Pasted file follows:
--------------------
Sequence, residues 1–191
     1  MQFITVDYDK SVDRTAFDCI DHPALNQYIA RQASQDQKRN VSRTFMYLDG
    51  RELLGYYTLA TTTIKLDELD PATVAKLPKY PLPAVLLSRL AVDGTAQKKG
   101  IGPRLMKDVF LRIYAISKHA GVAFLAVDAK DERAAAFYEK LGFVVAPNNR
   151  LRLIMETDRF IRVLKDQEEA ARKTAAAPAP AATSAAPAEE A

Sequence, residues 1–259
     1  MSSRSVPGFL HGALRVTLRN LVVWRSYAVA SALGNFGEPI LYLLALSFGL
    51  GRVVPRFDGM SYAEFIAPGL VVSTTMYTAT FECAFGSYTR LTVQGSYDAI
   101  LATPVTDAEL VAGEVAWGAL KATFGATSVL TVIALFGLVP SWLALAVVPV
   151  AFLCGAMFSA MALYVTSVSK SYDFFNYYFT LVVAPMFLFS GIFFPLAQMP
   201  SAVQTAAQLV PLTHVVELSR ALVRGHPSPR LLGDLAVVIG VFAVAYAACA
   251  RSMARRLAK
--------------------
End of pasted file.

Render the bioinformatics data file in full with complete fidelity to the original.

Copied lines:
Sequence, residues 1–191
     1  MQFITVDYDK SVDRTAFDCI DHPALNQYIA RQASQDQKRN VSRTFMYLDG
    51  RELLGYYTLA TTTIKLDELD PATVAKLPKY PLPAVLLSRL AVDGTAQKKG
   101  IGPRLMKDVF LRIYAISKHA GVAFLAVDAK DERAAAFYEK LGFVVAPNNR
   151  LRLIMETDRF IRVLKDQEEA ARKTAAAPAP AATSAAPAEE A

Sequence, residues 1–259
     1  MSSRSVPGFL HGALRVTLRN LVVWRSYAVA SALGNFGEPI LYLLALSFGL
    51  GRVVPRFDGM SYAEFIAPGL VVSTTMYTAT FECAFGSYTR LTVQGSYDAI
   101  LATPVTDAEL VAGEVAWGAL KATFGATSVL TVIALFGLVP SWLALAVVPV
   151  AFLCGAMFSA MALYVTSVSK SYDFFNYYFT LVVAPMFLFS GIFFPLAQMP
   201  SAVQTAAQLV PLTHVVELSR ALVRGHPSPR LLGDLAVVIG VFAVAYAACA
   251  RSMARRLAK